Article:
A non-profit group that promotes wellness initiatives is endorsing legislation that would hopefully lead to health insurance rate reductions for small businesses that offer their workers wellness programs. Dan Gable and Natasha Kaiser-Brown, two Iowa Olympians, are honorary co-chairs of Iowans for Wellness and Prevention. Gable is an Iowa State wrestler who won a gold medal at the 1972 Olympics and went on to coach at the University of Iowa.
Gable describes himself as a health and fitness fanatic. "So I’m a natural for this initiative. I’m a part of this coalition and a supporter of this legislation because wellness should be important to all Iowans," Gable says. "Wellness and prevention should be the cornerstone of our health care system." Iowans for Wellness and Prevention will undertake a public awareness campaign and sponsor a lecture series in the coming months.
Gable outlined the group’s core message. "We all need to take care of ourselves, eat right, be active and listen to our doctors," Gable says. Natasha Kaiser-Brown is a graduate of Des Moines Roosevelt High School who won a silver medal in track and field in the 1992 Olympics. She’s currently the men’s and women’s track coach at Drake.
"When I was first asked to be part of this coalition, I literally jumped…at the opportunity," Kaiser-Brown says. "My mother was obese. She was a smoker (and) died just over three years ago…I truly believe in the cause." Kaiser-Brown says she and her mother were very close, and she misses her. Kaiser-Brown urges Iowans to start thinking about living well. "Even though some of us seem to be fit and look pretty healthy, there are other issues that are hidden," Kaiser-Brown says.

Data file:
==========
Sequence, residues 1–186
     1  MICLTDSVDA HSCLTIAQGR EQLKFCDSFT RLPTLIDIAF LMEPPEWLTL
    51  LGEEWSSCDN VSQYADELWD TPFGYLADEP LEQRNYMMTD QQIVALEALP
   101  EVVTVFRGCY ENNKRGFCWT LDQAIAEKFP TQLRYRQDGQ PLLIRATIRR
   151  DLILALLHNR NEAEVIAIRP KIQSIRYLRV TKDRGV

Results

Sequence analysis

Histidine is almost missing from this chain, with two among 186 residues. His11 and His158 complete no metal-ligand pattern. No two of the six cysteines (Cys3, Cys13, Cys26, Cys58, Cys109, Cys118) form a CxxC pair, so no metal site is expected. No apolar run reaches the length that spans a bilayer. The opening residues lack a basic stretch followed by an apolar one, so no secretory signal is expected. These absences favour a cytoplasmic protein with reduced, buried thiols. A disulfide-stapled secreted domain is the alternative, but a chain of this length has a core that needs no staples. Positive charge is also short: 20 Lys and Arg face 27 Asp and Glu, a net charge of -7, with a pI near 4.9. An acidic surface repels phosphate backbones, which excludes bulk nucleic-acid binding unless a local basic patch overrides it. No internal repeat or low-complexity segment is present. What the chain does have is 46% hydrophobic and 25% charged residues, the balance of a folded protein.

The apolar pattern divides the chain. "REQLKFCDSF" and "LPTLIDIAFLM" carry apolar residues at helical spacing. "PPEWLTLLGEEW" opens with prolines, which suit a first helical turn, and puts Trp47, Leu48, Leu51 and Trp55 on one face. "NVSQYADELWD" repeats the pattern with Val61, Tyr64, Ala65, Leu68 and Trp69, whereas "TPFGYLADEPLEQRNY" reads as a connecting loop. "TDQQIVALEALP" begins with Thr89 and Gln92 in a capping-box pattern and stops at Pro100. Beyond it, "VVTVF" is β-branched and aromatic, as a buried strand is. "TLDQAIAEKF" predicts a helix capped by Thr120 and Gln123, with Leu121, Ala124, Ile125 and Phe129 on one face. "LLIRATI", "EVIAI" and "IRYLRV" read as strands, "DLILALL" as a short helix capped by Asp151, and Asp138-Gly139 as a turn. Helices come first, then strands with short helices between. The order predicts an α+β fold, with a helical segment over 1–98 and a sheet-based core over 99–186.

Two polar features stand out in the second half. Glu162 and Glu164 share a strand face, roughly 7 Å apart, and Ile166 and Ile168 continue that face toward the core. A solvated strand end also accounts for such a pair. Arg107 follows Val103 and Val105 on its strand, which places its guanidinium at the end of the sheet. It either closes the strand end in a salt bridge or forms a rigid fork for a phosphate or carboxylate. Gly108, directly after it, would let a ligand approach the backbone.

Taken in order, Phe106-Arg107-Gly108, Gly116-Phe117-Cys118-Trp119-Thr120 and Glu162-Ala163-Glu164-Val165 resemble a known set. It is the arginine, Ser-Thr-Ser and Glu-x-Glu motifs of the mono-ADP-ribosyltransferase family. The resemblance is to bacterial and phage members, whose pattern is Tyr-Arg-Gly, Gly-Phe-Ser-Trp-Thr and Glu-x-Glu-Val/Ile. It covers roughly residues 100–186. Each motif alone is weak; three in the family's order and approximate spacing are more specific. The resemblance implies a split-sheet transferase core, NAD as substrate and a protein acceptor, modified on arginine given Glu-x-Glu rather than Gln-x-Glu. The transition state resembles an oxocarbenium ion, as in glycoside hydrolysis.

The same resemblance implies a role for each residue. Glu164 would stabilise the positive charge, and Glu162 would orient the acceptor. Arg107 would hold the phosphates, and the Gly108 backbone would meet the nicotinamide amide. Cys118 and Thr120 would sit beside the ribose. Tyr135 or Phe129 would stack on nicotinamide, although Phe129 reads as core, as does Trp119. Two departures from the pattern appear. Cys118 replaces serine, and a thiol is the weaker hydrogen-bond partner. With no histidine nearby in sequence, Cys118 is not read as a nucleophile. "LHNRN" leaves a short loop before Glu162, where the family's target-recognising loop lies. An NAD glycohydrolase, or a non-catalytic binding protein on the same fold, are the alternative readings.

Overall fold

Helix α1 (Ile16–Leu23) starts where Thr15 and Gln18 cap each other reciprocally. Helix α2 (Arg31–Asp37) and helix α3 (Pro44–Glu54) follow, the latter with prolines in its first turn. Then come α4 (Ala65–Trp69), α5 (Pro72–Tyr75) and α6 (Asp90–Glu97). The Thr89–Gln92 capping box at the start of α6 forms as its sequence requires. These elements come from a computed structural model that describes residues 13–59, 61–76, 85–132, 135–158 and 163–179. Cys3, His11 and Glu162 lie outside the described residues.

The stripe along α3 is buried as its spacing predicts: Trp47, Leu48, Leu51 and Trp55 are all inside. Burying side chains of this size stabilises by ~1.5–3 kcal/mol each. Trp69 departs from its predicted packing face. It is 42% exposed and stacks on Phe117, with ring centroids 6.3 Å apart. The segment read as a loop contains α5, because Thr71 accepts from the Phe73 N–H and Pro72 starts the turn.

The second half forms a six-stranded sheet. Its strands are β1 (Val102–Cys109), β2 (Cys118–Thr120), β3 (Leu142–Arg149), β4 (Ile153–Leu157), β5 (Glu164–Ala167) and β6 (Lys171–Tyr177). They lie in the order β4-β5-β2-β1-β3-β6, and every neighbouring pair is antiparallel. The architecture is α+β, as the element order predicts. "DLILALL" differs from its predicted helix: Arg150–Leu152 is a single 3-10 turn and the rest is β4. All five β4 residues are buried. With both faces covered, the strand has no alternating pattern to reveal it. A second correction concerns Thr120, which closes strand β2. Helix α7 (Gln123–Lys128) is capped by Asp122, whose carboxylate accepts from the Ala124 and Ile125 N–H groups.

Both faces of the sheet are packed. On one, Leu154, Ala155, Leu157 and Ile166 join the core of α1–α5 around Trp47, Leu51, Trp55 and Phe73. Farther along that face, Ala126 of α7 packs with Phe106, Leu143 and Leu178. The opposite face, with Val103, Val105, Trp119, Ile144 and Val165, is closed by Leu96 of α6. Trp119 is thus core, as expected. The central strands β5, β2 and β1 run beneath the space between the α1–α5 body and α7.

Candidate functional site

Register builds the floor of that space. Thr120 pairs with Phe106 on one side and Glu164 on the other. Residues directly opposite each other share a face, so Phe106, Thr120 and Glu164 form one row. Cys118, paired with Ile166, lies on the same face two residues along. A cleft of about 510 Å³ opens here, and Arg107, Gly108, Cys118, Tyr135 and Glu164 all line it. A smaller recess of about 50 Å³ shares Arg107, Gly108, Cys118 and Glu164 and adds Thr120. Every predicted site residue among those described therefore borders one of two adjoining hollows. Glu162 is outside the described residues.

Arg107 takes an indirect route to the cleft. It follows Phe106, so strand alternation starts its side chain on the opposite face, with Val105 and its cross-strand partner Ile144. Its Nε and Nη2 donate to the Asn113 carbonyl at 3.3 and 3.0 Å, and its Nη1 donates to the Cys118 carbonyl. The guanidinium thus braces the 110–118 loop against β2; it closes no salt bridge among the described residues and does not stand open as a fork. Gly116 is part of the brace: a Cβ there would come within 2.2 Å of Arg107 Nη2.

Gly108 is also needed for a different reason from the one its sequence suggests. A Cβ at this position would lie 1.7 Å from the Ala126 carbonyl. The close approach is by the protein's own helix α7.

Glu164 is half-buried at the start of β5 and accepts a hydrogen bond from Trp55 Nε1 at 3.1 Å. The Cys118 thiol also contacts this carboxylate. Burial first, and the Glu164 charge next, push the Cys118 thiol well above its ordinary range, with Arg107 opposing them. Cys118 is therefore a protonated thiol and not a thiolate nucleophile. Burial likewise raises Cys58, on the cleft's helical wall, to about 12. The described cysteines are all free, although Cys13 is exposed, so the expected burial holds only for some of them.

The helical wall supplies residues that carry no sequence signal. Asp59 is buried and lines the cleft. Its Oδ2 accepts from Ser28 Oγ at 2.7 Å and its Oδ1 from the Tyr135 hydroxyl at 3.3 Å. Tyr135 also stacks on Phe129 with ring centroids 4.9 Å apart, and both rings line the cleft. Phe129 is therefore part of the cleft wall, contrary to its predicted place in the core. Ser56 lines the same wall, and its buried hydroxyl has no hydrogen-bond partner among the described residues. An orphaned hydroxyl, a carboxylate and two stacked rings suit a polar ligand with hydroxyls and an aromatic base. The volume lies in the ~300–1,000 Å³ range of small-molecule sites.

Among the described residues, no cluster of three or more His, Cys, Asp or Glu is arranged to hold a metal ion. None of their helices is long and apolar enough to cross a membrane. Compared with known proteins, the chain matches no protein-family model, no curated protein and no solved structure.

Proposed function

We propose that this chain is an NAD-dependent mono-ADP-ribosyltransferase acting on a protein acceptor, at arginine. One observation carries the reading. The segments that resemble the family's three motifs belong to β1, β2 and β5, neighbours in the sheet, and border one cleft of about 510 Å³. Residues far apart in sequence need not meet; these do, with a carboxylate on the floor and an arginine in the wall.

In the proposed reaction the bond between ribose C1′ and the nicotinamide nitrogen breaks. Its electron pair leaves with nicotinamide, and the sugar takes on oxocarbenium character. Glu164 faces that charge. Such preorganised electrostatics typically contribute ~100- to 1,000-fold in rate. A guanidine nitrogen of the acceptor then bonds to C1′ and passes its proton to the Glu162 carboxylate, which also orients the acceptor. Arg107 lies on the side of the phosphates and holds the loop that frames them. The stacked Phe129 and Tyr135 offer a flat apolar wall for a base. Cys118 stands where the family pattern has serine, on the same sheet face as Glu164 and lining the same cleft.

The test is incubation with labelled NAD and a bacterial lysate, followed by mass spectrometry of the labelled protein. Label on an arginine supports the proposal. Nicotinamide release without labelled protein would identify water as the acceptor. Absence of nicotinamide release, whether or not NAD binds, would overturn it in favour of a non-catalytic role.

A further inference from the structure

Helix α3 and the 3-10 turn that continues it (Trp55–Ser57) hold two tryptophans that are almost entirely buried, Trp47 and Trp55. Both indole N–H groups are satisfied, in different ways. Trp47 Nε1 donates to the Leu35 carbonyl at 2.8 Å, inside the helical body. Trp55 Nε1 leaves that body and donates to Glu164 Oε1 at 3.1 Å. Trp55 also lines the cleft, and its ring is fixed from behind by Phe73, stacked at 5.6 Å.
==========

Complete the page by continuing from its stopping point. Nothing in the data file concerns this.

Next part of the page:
Doctor Tom Evans, chairman of Iowans for Wellness and Prevention, says health care costs can be reduced if Iowans engage in healthier lifestyles. "Frankly, this is about engaging patients for change," the doctor says. Senator Tom Reilly, a Democrat from Oskaloosa, says the legislation would hopefully lead to more small businesses offering employee benefits that help workers kick the smoking habit or control their weight.
"Currently under Iowa law it’s very prohibitive for small employers to pass on wellness initiatives," Reilly says. "It’s a great concern of ours because when you take a look at what a key driver of soaring health care costs (is), it’s how we live our lifestyles."
Representative Dawn Pettengill, a Democrat from Mount Auburn, is working on the same legislation in the House. "We really do believe that wellness will drive down the costs of health care, so that’s what we’re focusing on," she says. The House subcommittee considering the bill has already met four times to hear testimony and consider how to craft the legislation.